Jacoba Gale, BSO Viola speaks to Quarternote the BSO members magazine
Why did you decided to become a musician?
I didn’t ever decide to become a musician. I went to the Yehudi Menuhin School aged 8 and the question was never raised. It was my choice however, to be an orchestral musician rather than a chamber musician as were many of my school friends. I have always loved the thrill of a symphony orchestra and the sound it produces. Having been at a school that only catered to strings and piano I have always enjoyed the colours and sounds that the wind, brass, and percussion sections contribute.
What’s the best thing about being a musician?
Other musicians! They are a group of diverse, talented and interesting people who are great fun to be with and with whom there is good camaraderie. One has the opportunity to travel at home and abroad and the job has variety as no week is the same. Oh, and a lot of the music of course!
What’s the one performance from your career that sticks in your mind?
After 35 and a half years that’s a difficult question! The Finnish tour with Paavo Berglund, or Falstaff in Paris with Welsh National Opera are possibilities but my immediate reaction would be our 100th birthday concert at the Royal Albert Hall doing Mahler Symphony No.2 with Andrew Litton. We travelled to London on a train that was named after us when we arrived at Waterloo. The hall was packed and the orchestra was on a real high. It was a very special night and I was proud to take part in such an historic occasion. I have never forgotten the atmosphere.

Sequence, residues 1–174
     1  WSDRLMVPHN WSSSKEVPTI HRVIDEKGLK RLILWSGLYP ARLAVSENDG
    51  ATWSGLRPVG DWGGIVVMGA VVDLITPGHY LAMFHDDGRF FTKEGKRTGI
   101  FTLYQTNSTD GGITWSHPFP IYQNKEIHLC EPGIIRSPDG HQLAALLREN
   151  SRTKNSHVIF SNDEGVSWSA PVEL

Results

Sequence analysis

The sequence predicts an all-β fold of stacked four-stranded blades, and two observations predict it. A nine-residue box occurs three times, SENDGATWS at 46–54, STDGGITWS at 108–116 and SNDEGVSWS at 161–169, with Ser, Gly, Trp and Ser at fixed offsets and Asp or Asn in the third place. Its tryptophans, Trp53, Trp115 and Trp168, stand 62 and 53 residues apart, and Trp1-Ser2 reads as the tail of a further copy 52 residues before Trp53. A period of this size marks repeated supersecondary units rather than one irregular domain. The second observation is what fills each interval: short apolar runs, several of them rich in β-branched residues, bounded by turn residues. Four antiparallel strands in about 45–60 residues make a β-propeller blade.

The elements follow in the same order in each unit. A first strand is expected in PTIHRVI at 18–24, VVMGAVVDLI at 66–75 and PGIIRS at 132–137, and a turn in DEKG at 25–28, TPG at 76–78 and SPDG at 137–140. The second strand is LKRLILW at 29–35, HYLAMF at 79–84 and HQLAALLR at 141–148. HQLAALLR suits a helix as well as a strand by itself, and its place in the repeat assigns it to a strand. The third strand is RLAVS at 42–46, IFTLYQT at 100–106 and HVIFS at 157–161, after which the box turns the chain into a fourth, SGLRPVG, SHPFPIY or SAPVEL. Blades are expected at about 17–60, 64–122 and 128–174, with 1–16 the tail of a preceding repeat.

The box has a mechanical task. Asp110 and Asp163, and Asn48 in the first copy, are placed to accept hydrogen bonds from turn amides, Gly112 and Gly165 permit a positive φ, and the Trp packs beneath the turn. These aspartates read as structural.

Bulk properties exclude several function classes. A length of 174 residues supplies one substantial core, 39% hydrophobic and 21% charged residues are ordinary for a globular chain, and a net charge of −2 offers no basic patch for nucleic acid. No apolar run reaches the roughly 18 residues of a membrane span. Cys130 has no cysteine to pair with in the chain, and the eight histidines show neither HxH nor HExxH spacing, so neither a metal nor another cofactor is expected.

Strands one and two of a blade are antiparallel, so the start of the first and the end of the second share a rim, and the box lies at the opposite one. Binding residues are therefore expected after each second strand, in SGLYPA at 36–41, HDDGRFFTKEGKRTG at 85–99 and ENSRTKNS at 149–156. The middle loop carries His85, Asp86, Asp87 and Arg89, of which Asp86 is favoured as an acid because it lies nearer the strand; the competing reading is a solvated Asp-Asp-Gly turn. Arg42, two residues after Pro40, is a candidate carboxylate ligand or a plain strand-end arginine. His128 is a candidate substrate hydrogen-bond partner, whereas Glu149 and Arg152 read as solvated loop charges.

If you could work with one musician, who would it be and why?
I would love to have worked with Bernard Haitink especially doing Mahler or Opera. I have admired him hugely over the years and I think he is definitely the last of the “Great” conductors.
What work do you enjoy playing above all else?
This is another difficult question as there are so many things I love playing. The Rachmaninov Piano Concerti are favourites and I couldn’t live without Sibelius. I also love Gershwin and Ravel and adore doing the operas at Grange Park but I particularly love Richard Strauss so I would have to say that it would have to be Also Sprach Zarathustra.
Tell us about the history of your instrument?
My viola was made in Chicago in the workshops of William Harris Lee. The maker is Vanna So who is Malaysian. I bought it new in 1998 and it has been interesting hearing the wood becoming vibrant and the sound change as it is played. It has needed some toning down and taming at times! It has a very centred sound, verging on bright but hopefully not too astringent! The Chicago workshop are interesting in that they have taken a lot of weight out of their violas and have also made the necks slimmer so as to be more user friendly!
What are you interests outside music?
In my spare time I enjoy dressmaking and tailoring, am a keen cook and a chocolatier. Usually at Easter I raise money for charity by selling a large number of Easter eggs filled with handmade chocolates. This is a monumental task but the last effort raised over £1200! Foreign travel – recent favourites have been The Oman, Sri Lanka and Malaysia. I also do Family History and enjoy taking photographs though I wish I were more competent behind the camera! Other time is spent just enjoying being at home with my husband and 3 cats!
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